WTF Cover: Secrets of Haunted House #19

Secrets_of_Haunted_House_Vol_1_19I have this particular comic decorating the wall of my office at my day job, alongside a slew of other colorful, zany 70s comics. But this one is my favorite, for 3 reasons:

1) The skeleton is wearing an eye patch, just so you know where that “beautiful glass eye” came from. Why he’s not wearing a blindfold, since he’s obviously missing both eyes, is a mystery. Or a “secret”.

2) The oddly contorted giant mannequin head on the “mom” is awesome. Just look at that vapid expression on her face as she cheerfully gives her precious daughter a “beautiful glass eye.”

3) And finally, how about that “beautiful glass eye” itself? Amirite guys? That beautiful, ginormous, creepy, bloodshot eye. What parents wouldn’t want to give that beautiful bauble to their young daughter?

If that little girl is this excited to play with such a gruesome little trinket, I’d hate to think what other “beautiful” toys she has in her closet. Maybe a shrunken human head? Or a spinal column floating in a jar of formaldehyde? Or a mint copy of Youngblood #1?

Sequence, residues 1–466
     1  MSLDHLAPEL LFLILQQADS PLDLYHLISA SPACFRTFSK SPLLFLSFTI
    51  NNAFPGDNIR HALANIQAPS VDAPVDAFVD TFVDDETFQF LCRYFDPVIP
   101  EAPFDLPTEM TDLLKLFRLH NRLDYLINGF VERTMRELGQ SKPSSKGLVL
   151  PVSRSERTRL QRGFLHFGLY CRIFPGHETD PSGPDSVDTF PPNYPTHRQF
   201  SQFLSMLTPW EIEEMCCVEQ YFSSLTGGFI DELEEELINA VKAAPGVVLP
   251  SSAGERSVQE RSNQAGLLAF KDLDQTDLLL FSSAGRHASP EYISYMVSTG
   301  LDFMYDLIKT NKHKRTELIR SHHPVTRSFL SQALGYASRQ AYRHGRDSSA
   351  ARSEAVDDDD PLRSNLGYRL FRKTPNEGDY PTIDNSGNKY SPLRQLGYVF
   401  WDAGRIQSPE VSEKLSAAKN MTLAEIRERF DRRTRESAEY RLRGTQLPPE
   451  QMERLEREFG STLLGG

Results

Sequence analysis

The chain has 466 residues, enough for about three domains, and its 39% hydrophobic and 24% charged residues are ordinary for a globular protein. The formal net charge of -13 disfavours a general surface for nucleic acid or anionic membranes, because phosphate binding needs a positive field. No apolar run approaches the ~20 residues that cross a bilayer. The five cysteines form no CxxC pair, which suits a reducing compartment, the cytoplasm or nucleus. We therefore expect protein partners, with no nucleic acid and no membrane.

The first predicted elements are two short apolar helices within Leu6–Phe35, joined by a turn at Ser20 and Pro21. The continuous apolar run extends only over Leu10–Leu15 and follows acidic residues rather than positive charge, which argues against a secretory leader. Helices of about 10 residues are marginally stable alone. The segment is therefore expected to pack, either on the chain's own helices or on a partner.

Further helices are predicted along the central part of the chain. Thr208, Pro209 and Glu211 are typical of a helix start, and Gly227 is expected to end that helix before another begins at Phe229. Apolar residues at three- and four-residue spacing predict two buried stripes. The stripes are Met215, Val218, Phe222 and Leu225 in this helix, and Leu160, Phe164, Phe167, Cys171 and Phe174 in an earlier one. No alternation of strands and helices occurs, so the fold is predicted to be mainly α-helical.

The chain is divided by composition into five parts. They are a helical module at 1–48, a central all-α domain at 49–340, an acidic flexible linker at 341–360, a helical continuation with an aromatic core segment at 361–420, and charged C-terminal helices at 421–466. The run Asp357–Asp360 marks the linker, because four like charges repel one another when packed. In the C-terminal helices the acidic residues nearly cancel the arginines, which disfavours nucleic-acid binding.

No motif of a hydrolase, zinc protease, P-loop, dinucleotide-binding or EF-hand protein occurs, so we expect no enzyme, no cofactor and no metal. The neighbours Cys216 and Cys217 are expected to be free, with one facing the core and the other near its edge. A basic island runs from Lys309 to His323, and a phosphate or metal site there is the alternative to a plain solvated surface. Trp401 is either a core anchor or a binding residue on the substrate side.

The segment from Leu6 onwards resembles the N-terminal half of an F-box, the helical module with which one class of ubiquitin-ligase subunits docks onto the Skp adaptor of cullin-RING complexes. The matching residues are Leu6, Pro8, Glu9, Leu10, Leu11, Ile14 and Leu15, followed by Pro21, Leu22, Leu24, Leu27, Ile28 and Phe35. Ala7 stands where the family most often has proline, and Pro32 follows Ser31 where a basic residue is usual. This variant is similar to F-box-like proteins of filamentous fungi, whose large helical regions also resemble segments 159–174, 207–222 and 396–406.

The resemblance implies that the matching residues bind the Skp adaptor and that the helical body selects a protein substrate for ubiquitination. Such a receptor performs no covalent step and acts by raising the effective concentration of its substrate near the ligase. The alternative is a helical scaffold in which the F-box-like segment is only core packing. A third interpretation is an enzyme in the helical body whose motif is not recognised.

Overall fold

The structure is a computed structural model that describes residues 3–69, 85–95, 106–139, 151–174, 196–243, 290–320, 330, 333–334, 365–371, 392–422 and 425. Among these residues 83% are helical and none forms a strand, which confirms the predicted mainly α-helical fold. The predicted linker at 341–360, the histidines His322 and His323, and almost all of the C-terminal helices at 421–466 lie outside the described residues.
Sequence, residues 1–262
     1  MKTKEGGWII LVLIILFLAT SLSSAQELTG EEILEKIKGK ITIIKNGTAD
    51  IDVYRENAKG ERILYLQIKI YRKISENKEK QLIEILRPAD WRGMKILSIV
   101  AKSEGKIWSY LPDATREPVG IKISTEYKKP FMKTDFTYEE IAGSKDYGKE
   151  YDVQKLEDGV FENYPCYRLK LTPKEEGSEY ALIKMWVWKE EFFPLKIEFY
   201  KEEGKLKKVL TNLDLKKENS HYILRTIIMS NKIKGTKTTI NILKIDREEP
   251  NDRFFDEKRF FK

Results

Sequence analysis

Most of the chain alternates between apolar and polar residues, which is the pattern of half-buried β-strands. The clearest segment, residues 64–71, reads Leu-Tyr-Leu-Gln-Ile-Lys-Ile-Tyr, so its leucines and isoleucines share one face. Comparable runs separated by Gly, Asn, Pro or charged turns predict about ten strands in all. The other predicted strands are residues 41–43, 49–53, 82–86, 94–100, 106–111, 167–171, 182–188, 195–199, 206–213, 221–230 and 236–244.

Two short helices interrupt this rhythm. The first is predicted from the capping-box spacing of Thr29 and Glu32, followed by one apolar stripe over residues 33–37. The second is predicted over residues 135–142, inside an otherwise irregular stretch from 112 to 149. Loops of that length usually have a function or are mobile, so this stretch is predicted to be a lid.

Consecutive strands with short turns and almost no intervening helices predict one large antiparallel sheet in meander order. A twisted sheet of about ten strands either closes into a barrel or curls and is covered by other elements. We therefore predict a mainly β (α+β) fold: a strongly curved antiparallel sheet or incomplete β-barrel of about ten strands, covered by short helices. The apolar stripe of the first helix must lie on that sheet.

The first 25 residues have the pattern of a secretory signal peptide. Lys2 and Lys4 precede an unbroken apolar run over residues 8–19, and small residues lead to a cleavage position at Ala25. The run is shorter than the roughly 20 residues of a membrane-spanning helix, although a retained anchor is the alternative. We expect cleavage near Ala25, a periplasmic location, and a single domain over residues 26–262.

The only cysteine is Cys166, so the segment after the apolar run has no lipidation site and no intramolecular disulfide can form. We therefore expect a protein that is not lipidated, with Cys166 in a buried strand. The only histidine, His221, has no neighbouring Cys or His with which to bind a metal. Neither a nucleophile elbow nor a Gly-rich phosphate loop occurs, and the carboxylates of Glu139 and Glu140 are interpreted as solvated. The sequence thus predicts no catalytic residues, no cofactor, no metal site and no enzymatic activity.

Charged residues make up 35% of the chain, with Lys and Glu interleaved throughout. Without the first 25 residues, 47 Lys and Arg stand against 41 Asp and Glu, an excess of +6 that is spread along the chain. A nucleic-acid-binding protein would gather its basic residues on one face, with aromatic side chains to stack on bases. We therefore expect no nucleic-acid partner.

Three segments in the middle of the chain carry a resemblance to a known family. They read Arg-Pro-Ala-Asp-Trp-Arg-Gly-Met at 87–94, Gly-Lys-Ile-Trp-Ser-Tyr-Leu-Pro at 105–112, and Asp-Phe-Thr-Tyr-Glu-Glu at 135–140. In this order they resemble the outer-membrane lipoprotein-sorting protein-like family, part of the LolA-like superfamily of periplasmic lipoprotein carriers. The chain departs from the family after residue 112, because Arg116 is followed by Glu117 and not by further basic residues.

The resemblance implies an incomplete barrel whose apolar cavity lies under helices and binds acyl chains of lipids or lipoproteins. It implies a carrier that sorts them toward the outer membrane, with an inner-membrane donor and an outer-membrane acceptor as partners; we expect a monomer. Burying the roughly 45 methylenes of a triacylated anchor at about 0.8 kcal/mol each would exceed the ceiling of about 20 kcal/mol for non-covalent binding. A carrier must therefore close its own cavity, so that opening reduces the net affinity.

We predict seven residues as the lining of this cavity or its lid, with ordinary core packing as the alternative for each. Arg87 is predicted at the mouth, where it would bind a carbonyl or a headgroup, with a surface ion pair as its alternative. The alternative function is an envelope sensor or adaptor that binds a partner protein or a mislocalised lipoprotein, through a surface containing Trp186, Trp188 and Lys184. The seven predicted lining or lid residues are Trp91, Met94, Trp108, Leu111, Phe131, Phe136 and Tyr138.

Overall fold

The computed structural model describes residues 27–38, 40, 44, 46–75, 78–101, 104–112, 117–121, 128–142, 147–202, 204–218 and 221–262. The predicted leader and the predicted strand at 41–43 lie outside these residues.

By the way, Secrets of Haunted House #19 was published by DC Comics, December 1979. Luis Dominguez drew the cover in question.

(A version of this post appeared on my Ferret Press blog, January 2011)

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    Splash Wednesday: Jan Duursema, Neil Adams, and Barry Windsor Smith

    Another Wednesday, another batch of splash pages for your enjoyment.

    The first page comes to us from the prolific scanner of Mr. Matt Kish: here’s a Jan Duursema double-splash page from Arion, Lord of Atlantis #18, published by DC Comics.


    Next up, a moody Neal Adams page, from Batman #237:


    And finally, a classic page, originally posted on the Ferret Press blog by Craig Bogart, June 2010:

    “Roy Thomas invents a character for the Robert E. Howard estate to spend decades cashing in on, as Red Sonja (not the medieval Sonya of Rogatine) debuts in Conan the Barbarian #24. Art by Barry Smith.”


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      Spoof Comics: 90s dreck at its best (worst)